Publications by authors named "Joanna J Jones"

2 Publications

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Discovery and optimisation of potent, selective, ethanolamine inhibitors of bacterial phenylalanyl tRNA synthetase.

Bioorg Med Chem Lett 2005 May;15(9):2305-9

GlaxoSmithKline, New Frontiers Science Park, Third Avenue, Harlow, Essex CM19 5AW, UK.

High throughput screening of Staphylococcus aureus phenylalanyl tRNA synthetase (FRS) identified ethanolamine 1 as a sub-micromolar hit. Optimisation studies led to the enantiospecific lead 64, a single-figure nanomolar inhibitor. The inhibitor series shows selectivity with respect to the mammalian enzyme and the potential for broad spectrum bacterial FRS inhibition.
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http://dx.doi.org/10.1016/j.bmcl.2005.03.003DOI Listing
May 2005

Nuclear magnetic resonance spectroscopy reveals the functional state of the signalling protein CheY in vivo in Escherichia coli.

Mol Microbiol 2003 Sep;49(5):1191-200

Computational and Structural Sciences, GlaxoSmithKline, Gunnells Wood Road, Stevenage, Hertfordshire SG1 2NY, UK.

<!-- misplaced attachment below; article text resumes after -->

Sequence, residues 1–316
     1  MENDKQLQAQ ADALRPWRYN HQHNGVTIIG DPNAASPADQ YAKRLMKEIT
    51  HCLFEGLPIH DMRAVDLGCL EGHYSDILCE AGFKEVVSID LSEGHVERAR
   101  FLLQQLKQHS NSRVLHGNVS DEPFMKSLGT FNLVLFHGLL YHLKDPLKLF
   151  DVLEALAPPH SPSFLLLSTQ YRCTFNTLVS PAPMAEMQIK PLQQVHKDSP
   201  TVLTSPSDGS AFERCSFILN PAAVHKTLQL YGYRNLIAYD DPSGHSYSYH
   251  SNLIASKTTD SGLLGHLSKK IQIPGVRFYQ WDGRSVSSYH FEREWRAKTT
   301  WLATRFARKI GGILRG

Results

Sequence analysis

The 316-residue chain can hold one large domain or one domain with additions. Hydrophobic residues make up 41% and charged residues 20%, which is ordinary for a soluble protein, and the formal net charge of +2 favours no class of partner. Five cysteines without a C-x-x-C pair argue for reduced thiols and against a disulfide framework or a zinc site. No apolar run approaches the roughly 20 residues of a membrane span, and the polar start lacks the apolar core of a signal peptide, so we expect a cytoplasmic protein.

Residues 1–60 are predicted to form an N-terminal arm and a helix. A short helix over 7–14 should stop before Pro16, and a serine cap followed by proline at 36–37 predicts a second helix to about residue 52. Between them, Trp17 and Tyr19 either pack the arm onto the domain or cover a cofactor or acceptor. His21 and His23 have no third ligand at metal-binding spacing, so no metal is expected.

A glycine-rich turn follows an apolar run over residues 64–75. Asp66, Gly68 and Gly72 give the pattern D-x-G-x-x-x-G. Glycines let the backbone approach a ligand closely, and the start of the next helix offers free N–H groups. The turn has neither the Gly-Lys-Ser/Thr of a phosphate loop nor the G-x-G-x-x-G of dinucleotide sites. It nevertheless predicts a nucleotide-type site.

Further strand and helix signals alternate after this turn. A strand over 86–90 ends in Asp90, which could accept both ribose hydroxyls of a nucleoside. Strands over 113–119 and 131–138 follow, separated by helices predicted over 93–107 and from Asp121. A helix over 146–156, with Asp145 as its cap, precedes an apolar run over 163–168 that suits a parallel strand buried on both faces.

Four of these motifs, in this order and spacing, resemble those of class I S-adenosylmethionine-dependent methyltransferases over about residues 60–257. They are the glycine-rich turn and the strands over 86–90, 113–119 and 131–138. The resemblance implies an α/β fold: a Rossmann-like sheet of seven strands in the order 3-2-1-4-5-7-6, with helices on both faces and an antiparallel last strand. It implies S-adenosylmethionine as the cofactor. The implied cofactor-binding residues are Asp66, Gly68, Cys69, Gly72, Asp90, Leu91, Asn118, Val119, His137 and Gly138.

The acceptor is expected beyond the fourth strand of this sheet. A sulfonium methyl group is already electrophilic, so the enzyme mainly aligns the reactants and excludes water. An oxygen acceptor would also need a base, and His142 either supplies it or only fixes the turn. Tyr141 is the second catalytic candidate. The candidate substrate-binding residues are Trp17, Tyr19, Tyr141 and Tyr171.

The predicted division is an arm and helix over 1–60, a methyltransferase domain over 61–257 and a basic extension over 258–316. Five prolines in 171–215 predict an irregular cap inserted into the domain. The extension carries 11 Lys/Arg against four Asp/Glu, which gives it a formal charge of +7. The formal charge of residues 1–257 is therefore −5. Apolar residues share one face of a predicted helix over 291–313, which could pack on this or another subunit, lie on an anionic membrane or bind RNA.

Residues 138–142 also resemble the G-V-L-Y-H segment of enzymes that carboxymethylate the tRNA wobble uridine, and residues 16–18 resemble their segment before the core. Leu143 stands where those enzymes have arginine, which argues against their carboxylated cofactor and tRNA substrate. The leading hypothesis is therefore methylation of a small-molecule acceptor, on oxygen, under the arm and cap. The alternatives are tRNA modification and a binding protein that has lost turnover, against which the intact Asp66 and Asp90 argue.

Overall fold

Two-component signal transduction (TCST) pathways are regulatory systems that are highly homologous throughout the bacterial kingdom. Their established role in virulence and absence in vertebrates has made TCST an attractive target for therapeutic intervention. However, such systems have yet to yield success in the development of novel antibiotics. CheY serves as a prototype for the analysis of response regulator function. The protein structure exhibits several conformations by both X-ray and nuclear magnetic resonance (NMR) analyses. Knowledge of which structures are relevant in vivo would be valuable in a rational drug design project. Our aim was to probe the in vivo conformation and ligand binding of CheY in Escherichia coli under resting conditions by in-cell NMR methods. CheY was selectively labelled with 15N by the control of growth and expression conditions. NMR spectra obtained in vivo demonstrated that the Mg2+ complex was the predominant form even though cells were resuspended in metal-free buffers and the intracellular free Mg2+ was low. In-cell NMR also confirmed the uptake and in vivo binding mode to CheY of small-molecular-weight compounds identified in vitro. This paper reports the first observation of the structure and interactions with a potential drug of a regulator protein in its native host in vivo using NMR spectroscopy.
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http://dx.doi.org/10.1046/j.1365-2958.2003.03628.xDOI Listing
September 2003